The publication of “The Fall of Gondolin,” at long last, represents the conclusion of a loose trilogy set in the Elder Days of J.R.R. Tolkien’s fictional realm of Middle-earth. As with the posthumously published “The Children of Húrin” and “Beren and Lúthien,” this entry has been painstakingly and, clearly, lovingly edited by his son and literary executor Christopher Tolkien. Taking place long before the events of “The Hobbit” and “The Lord of the Rings,” the books fill in the historical record of those better-known stories.
The present volume collects several drafts from Tolkien’s vast archive. A helpful essay explains how the story changed over the years. In short, the evil overlord Morgoth — called Melko here — seeks to dominate the entire world, but the hidden elvish city of Gondolin remains out of his grasp. Readers of “The Silmarillion,” also edited by Christopher Tolkien and published posthumously, will recognize Morgoth. For the sake of context, Sauron — the villain in the “The Lord of the Rings” — is one of his henchmen.
From his fortress at Angband, Melko creates a hideous mechanical army. The description is genuinely frightening: “Some were all iron so cunningly linked that they might flow like slow rivers of metal or coil themselves around and above all obstacles before them, and these were filled in their innermost depths with the grimmest of the Orcs with scimitars and spears; others of bronze and copper were given hearts and spirits of blazing fire, and they blasted all that stood before them with the terror of their snorting or trampled whatso escaped the ardour of their breath.” We are reminded that Tolkien first drafted this story while in the hospital recuperating from the Battle of the Somme.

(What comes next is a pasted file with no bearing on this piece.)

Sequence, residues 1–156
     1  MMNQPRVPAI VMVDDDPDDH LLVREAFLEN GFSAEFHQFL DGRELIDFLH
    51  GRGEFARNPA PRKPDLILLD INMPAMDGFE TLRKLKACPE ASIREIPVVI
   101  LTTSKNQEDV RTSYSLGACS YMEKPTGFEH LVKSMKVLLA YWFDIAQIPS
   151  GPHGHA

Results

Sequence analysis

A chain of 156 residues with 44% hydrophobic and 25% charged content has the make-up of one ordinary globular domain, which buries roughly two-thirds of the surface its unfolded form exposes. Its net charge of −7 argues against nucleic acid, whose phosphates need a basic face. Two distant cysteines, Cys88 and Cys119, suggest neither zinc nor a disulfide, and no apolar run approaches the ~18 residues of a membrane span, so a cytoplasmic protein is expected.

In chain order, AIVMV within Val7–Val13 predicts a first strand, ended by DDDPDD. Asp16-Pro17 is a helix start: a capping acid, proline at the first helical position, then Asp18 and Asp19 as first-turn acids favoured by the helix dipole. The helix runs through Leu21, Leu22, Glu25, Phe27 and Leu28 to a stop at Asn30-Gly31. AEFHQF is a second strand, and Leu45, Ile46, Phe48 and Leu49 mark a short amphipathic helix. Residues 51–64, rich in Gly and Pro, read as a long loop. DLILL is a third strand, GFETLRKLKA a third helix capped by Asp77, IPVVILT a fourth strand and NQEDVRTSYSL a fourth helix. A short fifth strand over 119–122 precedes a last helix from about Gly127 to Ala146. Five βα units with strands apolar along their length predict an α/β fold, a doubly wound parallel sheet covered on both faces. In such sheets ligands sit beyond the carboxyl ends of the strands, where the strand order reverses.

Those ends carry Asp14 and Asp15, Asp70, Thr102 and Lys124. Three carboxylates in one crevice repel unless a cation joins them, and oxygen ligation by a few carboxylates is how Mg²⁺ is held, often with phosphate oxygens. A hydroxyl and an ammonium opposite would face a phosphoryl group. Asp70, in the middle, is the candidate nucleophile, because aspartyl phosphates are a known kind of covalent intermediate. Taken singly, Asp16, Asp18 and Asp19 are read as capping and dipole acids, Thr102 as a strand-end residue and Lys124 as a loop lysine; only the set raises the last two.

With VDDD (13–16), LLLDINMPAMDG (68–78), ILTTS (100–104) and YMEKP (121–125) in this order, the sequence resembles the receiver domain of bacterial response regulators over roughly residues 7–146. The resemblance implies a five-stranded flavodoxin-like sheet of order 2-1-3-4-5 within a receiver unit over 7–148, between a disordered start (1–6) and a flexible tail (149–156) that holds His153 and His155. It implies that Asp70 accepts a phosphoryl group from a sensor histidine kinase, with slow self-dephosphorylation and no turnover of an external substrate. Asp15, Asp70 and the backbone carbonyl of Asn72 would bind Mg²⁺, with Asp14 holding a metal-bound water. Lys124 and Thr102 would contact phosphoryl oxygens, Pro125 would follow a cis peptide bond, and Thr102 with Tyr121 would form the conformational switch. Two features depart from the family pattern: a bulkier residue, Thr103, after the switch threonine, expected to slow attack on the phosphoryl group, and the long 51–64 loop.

As the title indicates, things don’t go especially well for the inhabitants of Gondolin, which includes our heroic human warrior Tuor. There’s love and warfare, jealousy and treachery. Without giving more away, I’ll mention that one or more familiar characters might make cameo appearances. In detailing this vital — and indeed tragic — tale of Middle-earth lore, “The Fall of Gondolin” provides everything Tolkien’s readers expect. Given his ability to create unforgettable characters like Tuor and classical good-versus-evil myths, it’s no surprise these stories remain so massively popular. You don’t need a monster or a critic to tell you that.
And yet, having designed and taught a university course devoted to J.R.R. Tolkien’s singular oeuvre, I’ve come to appreciate the one literary element that rules them all and makes Middle-earth so remarkable. With apologies to Westeros, Narnia and whatever the Star Wars universe is called, Middle-earth stands as the most immersive and detailed fictional realm of our own age because of the different languages Tolkien — master philologist that he was — invented to describe it. Spending time in Middle-earth provides an opportunity to revel in his etymological derring-do.
Characters and places go by different names depending on who’s talking, and that adds a welcome dosage of realism to the fantasy. There exists an intense sense of linguistic immersion that I’ve not found in much other literature. (Though Ursula K. Le Guin’s “Earthsea” series does come to mind.) Beyond that, “The Fall of Gondolin” demonstrates yet again that Middle-earth boasts its own rich cosmology and history.
As far as Tolkien books go, however, this may be the end of the line. In his preface, Christopher Tolkien writes that he thought “Beren and Lúthien” would be the final of his father’s stories published on his watch. “The presumption proved wrong, however,” he writes, “and I must now say that ‘in my ninety-fourth year “The Fall of Gondolin” is (indubitably) the last.’” If that proves to be the case, his stewardship of his father’s legacy has been a tremendous success.
Last year, Amazon Studios purchased the rights to produce a new television series set in Middle-earth. (Amazon’s founder and chief executive, Jeffrey P. Bezos, owns The Washington Post.) It’s an exciting prospect. With the right showrunners and writers, ones who recognize the value of etymology, that project could very well invite another generation of adventurers into this wondrous realm. If Christopher Tolkien’s yeomanlike work on “The Fall of Gondolin” does indeed represent the end of an age, it might also — like the destruction of the One Ring in the fires of Mount Doom — point to the start of another.